Improving Static Analysis Around Binary Libraries


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INTRODUCTION:

Many software projects rely on third party code, system libraries and re-used binary code from other projects. Advanced static analysis tools reason about the program as a whole. The fact that the library content is not available can lead to both false positives as well as false negatives in the analysis. This is caused by the fact that most static analysis tools have no idea as to what the logic inside the binary libraries is. Much more accurate results can be achieved by using binary static code analysis to build up a model of the logic in the libraries and then analyzing that in conjunction with the source analysis. This post discusses extending static analysis beyond the source/binary barrier and the benefits of doing so and introduces a variant of CodeSonar, CodeSonar/Libraries.

Related:


Whole Program (Source) Analysis

Advanced static analysis tools differentiate themselves in the way they analyze an entire program or application. Having the full scope of source available for analysis means better results for static analysis - less false positives (warnings from the tool that are incorrect) and less false negatives (real errors missed by the tool). Using this approach means that data and control flow can be traced from one unit to another that can be used for tainted data analysis, for example. Regardless of the source completeness there are still missing pieces of the analysis – the binary code in libraries, operating system calls, and any other binary objects linked into the final executable.

Missing Components

Third party code is a fact of life in embedded systems. A recent report from VDC pointed out the growth in third party source in embedded systems. In fact, the use of open source, commercial off the shelf and other third party code reaches 50% of modern projects.

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Figure 1: A graph showing the distribution of code origin for different classes of projects. Source “Software Assembly Practices Necessitate More Precautions” – VDC Research, 2016.

Given such high ratios of third party software in embedded projects, it follows that many of the dependencies required for complete static analysis are missing. Without this detail, tools have to make assumptions about the library behavior which might be incorrect or incomplete. Consider the following code example, the function handlePacket() is part of a binary third party library which is linked to the application:

packetT * myPacket;
myPacket = malloc(sizeof(packetT));
if (handlePacket(myPacket) == -1)
    return -1;
 

Analyzing this from the tools perspective raises many questions. Does the library own the lifecycle of the myPacket object or does the programmer have to free the memory? Are the contents of myPacket guaranteed to be initialized after the library call? Here’s another example using the libexpat (a streaming XML parser):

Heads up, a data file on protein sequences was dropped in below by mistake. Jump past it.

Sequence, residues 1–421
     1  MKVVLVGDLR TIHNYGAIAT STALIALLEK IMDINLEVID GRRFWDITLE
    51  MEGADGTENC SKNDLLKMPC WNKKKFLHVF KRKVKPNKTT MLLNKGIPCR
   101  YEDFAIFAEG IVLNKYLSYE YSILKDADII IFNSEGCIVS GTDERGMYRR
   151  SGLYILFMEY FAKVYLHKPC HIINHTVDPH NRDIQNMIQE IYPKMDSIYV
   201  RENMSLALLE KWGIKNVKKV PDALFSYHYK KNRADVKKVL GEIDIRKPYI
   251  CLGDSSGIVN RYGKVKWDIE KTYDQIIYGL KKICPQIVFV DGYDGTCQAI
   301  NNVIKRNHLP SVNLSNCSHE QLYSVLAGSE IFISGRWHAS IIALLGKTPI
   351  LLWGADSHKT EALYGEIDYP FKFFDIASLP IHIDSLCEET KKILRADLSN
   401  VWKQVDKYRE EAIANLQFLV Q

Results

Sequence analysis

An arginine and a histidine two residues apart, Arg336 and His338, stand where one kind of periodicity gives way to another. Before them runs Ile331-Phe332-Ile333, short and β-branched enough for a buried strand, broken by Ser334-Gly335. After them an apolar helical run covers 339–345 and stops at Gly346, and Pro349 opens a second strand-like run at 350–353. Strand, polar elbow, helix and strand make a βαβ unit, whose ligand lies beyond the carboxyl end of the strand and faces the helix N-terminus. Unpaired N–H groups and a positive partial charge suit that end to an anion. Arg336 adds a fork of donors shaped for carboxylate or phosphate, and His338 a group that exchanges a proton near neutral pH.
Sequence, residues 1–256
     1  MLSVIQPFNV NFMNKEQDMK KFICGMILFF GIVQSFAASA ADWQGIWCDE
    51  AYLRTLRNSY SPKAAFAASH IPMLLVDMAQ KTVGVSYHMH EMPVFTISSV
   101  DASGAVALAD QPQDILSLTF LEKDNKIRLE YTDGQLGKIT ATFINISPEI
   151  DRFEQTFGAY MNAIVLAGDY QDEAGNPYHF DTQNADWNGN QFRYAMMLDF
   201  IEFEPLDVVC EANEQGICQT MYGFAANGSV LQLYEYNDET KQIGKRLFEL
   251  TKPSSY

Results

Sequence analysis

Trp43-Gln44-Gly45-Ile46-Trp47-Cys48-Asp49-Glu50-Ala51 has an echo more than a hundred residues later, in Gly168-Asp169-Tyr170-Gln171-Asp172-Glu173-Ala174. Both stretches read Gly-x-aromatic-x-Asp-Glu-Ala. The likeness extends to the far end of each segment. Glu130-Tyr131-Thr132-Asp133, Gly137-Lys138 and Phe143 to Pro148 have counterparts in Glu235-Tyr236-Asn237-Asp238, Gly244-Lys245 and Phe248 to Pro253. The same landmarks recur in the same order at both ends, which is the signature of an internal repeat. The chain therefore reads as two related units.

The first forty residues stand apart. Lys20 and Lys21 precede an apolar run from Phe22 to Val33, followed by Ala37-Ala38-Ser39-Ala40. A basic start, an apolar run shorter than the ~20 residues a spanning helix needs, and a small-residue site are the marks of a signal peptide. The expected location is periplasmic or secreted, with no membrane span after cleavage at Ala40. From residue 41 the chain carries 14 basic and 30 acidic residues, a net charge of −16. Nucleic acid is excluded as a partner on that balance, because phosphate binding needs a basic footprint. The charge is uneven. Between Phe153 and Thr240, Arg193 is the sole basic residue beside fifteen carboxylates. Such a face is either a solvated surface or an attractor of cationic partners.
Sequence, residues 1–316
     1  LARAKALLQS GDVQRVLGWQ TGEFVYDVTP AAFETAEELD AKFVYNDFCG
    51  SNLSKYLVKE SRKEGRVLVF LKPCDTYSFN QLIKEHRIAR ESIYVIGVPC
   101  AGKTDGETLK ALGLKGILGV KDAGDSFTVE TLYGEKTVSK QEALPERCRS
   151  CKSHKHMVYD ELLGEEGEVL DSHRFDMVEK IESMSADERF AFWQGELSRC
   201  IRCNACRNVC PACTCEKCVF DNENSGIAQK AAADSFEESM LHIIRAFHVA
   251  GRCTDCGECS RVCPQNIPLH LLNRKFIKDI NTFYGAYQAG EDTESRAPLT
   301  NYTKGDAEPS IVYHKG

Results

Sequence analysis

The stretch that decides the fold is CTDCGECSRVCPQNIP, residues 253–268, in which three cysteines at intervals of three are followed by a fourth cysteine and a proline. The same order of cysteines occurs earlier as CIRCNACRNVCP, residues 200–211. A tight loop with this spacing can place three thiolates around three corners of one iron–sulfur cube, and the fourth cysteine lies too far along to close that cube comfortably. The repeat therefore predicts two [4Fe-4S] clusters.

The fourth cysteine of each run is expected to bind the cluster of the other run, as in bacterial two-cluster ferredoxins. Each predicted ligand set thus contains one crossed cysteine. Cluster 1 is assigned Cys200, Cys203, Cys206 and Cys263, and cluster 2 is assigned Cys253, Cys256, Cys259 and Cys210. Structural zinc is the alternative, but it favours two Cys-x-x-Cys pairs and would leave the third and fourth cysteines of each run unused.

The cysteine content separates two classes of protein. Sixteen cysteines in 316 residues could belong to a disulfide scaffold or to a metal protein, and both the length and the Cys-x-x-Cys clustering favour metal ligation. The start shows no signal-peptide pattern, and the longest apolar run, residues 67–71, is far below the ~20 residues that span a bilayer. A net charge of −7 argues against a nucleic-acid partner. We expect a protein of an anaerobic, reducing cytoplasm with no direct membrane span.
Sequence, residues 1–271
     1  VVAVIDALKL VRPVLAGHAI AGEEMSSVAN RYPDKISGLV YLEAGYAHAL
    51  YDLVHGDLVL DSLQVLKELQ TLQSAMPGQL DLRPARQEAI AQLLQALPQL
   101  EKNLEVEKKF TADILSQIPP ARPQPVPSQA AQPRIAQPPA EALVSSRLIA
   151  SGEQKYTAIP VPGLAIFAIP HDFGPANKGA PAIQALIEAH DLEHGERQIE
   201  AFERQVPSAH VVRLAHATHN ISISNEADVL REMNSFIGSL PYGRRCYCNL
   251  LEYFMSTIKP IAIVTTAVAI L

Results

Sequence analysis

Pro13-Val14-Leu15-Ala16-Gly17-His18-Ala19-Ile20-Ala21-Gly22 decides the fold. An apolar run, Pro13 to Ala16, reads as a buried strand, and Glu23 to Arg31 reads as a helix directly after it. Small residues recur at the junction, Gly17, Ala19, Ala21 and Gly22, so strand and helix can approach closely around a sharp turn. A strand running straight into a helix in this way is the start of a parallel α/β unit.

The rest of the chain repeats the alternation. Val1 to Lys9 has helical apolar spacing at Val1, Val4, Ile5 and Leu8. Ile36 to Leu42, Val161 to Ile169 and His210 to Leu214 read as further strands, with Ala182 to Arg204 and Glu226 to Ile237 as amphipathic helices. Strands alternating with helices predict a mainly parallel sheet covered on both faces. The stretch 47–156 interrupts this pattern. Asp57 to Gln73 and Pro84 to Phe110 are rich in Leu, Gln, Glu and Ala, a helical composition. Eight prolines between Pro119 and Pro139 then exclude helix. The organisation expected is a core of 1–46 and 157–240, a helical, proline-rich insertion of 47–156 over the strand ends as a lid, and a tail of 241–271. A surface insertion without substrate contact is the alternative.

XML_Parse(p, Buff, len, done);

A static analysis tool doesn’t understand the details of this library therefore assumptions are required: Will the library check for null pointers? Can the library overflow Buff?

Increasing Analysis Depth

Although it’s possible to build-in support for well-known library functions into static analysis tools, it’s impossible to expand this to the general case. However, increasing the analysis depth into these external libraries increases the ability of the tools to make better decisions about bugs and security vulnerabilities.

Introducing CodeSonar/Libraries

GrammaTech CodeSonar/Libraries is unique in its ability to analyze source and binary code at the same time. Leveraging GrammaTech’s unique binary code analysis, CodeSonar/Libraries enables hybrid analysis of both source and binary objects in a project. In addition, CodeSonar/Libraries can handle any type of binary library including those without debug information and stripped and optimized binaries. The details gleaned from the binaries are included in the entire program model, greatly increasing the precision of the results.

CodeSonar/Libraries focus is to find and report errors in your source code. It increases accuracy by understanding library logic and deepening the whole program analysis. It doesn’t report on errors that originate in the library itself, assuming that the library vendor has done a proper job of testing.

CodeSonar for Binaries goes one step further for people that are concerned about the content of the libraries themselves. It reports on problems in the binaries, such that you can have a discussion with the library vendor to correct them.

Both products are available from GrammaTech today, a free evaluation version is available.


CONCLUSION:

Advanced static analysis tools can perform high fidelity analysis on source but can be limited when code paths venture in external code where source isn’t available. CodeSonar/Libraries extends static analysis into external binary objects to create a better program model for the analysis which, in turn, increases the precision of the static analysis results.


Want to learn more? Watch a recent webinar "Extending Static Analysis to Include Third Party Libraries" that introduces CodeSonar/Libraries and discusses the types of problems it can uncover in your projects.